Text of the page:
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UK broadband providers are facing accusations that they overcharge for customer support lines and keep people waiting for extended periods, in the wake of an expose from one of the UK’s leading consumer magazines.

An investigation conducted by Which Computer? found that a number of internet service providers (ISPs) are employing higher charge numbers for their helplines. Conversely, just a handful of ISPs – namely, BT, O2 and UKOnline, offer a freephone 0800 number.

Those found to be the worst offenders were Supanet and supermarket giant Tesco, both of which use an 090 number which features the highest rates on the market. Which? calculates that customers calling an 090 number can rack up a bill of £5 for a ten minute call, not including connection charges.

The report also found evidence of widespread dissatisfaction among ISPs’ customers across the sector. In a survey of 16,000 broadband customers, a third said they were frustrated with the standard of customer support that they have received. Particularly galling to many consumers, it emerged, is the time it takes to be connected to an operator.

This was supported by the magazine’s own findings, which showed that the average time that someone waits to speak to a representative is one minute and 33 seconds. However, some ISPs performed significantly worse than this, with PlusNet customers waiting an average of eight minutes.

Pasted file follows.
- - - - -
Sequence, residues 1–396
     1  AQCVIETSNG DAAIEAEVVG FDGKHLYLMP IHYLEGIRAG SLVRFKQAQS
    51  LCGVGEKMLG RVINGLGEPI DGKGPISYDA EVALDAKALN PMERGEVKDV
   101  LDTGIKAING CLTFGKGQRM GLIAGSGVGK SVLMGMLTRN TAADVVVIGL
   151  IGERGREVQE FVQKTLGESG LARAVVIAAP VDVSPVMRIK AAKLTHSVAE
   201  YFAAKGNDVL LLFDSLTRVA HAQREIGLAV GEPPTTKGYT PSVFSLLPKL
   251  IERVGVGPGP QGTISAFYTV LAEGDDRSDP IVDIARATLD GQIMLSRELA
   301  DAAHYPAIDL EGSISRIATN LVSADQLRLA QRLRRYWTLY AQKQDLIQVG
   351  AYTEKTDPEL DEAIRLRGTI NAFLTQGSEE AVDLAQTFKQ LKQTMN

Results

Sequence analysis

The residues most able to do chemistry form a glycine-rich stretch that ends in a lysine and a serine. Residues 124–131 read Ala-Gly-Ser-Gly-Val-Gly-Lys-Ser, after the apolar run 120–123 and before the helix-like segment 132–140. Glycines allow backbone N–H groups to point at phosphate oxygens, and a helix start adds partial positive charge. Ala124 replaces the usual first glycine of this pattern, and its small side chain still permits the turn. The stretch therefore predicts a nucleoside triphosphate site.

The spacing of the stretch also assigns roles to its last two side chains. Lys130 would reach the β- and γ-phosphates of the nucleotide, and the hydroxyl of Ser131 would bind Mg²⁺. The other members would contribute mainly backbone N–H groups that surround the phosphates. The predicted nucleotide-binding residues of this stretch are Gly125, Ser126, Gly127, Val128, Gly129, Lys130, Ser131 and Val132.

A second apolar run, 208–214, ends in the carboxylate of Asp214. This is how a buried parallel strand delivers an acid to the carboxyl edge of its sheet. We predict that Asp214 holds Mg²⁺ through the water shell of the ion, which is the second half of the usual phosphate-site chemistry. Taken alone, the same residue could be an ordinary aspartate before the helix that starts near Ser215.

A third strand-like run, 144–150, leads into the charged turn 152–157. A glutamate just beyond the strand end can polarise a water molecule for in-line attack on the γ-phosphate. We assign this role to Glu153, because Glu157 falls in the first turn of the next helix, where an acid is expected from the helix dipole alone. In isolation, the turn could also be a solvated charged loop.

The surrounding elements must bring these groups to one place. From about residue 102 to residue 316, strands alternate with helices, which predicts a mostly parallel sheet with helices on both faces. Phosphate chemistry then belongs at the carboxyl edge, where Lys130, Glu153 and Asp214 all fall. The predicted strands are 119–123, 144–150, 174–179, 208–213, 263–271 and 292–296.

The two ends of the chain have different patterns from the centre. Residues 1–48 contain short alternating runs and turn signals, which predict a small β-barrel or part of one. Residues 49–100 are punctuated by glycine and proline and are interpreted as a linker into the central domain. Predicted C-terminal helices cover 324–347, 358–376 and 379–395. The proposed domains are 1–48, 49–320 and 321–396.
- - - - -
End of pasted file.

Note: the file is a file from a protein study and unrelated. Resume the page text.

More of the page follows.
Tesco has attempted to downplay criticism of its high customer service charges, in a statement which claimed that it was already aware that this was irking customers and that the company is in the process of addressing the problem.

A spokeswoman from Tesco said: “The cost of calls to Tesco broadband technical support is something we’ve been looking at and listening to customer feedback on. As a result we’ll continue to provide a very high quality of technical expertise to all our broadband customers but calls will now be charged at a local rate.”

She added: “We’ll be contacting all our customers as soon as possible to let them know about the change in price.”

News of widespread dissatisfaction among consumers follows a separate study from which yielded similarly alarming results. The broadband news resource discovered that trust in ISPs has waned over the last year, with 44 per cent of consumers claiming that their faith in their provider had decreased during this time.

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